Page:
I have never lost the rewarding glow that comes from buying raw provisions and whisking them into something wonderful.  I pity the lazy workmates I have who claim to virtually survive on oven-ready crap.  I have had appalling experiences with frozen fish pies that required blowtorch treatment to heat evenly through.  When they were finally ready, I could smell and taste the E-numbers in every latexy mouthful.  Yuck!

Call me old-fashioned, but home cooking just does it for me every time!

My tone is strong here because I speak with familiarity of an overindulgence in processed food – which, for all my culinary leanings, I possessed an unhealthy love for at twelve.

School dinners and Mrs Longman’s lessons were my only motivations through the school week.  I dined in the canteen every day, eschewing Mom’s offers of packed lunches.  Who wanted egg and cress rolls when there were hot dogs and pizzas going begging?  Besides, it was more mature, I told her airily, to queue and purchase one’s own lunch.  Only the dweeby kids who nobody wanted to be like – the Simon Floyds of this world – sat nibbling on little crustless sandwiches and satsumas.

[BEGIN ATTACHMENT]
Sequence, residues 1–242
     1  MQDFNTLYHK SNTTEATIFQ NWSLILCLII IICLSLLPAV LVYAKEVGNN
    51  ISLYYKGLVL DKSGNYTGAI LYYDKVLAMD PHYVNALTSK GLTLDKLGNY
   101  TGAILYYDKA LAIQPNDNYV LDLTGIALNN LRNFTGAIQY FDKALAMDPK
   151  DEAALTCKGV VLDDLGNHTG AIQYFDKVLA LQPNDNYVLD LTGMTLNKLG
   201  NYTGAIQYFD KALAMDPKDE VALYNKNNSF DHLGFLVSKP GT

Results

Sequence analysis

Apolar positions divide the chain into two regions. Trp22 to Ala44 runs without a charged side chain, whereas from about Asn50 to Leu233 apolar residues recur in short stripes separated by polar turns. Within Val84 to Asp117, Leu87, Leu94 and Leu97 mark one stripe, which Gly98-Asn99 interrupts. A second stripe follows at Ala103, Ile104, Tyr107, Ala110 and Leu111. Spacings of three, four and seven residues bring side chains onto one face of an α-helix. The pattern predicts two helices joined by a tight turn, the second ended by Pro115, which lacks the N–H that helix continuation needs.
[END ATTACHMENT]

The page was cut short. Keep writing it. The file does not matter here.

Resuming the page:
I was not so much a kid in a sweet shop as a kid in a chip shop.  Foods which once were luxuries were now daily available, and I hedonistically indulged.

The tummy briefly shrivelled by illness bulged again with cholesterol overload, my skin erupted into pimples and my boobs swelled to more fleshy, slatternly proportions than ever.

Defeated by gravity, and taunted by boys about my jiggling ‘melons,’ I finally bowed to the inevitable.


‘I need a bra, Granny.’

Granny Danks nodded knowingly.  It was the Easter holidays of 1987.  We were shopping together for the first time in months, our once weekly ritual having long lapsed like so many other childhood practices. 

Granny and her shopping trolley had by now defected from Dudley Market Place to the new Merry Hill Centre three miles away.  Merry Hill, built on land in Brierley Hill once occupied by a steelworks, mushroomed colossally over the ensuing decade – divesting Dudley of big-name retailers in the process.

I am old enough to remember the town boasting a Marks and Spencer, a Sainsbury’s, a BHS…and the outcry when they progressively shut down and relocated to Merry Hill.